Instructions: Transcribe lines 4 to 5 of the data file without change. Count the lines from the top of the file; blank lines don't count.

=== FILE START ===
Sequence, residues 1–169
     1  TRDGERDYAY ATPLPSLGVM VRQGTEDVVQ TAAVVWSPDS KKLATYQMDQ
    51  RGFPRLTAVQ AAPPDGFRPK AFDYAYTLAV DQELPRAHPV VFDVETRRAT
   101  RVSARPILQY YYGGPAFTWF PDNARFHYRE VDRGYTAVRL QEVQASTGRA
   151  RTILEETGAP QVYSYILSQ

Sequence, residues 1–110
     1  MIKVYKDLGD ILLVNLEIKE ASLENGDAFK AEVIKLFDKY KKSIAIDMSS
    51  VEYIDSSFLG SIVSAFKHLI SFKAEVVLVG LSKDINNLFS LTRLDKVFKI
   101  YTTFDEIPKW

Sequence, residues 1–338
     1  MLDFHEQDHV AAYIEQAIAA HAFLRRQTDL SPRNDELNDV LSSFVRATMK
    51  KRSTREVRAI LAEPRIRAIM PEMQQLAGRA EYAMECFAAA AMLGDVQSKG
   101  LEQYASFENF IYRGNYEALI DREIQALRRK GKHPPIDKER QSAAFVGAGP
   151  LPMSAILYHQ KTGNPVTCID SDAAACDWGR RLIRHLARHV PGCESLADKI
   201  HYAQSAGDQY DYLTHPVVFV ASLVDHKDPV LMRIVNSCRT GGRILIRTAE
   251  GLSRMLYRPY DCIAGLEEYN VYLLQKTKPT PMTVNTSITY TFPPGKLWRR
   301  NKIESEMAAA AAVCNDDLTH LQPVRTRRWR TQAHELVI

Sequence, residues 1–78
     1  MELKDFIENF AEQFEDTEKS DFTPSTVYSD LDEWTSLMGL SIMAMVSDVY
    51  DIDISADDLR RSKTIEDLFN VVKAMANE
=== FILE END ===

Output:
   101  RVSARPILQY YYGGPAFTWF PDNARFHYRE VDRGYTAVRL QEVQASTGRA
   151  RTILEETGAP QVYSYILSQ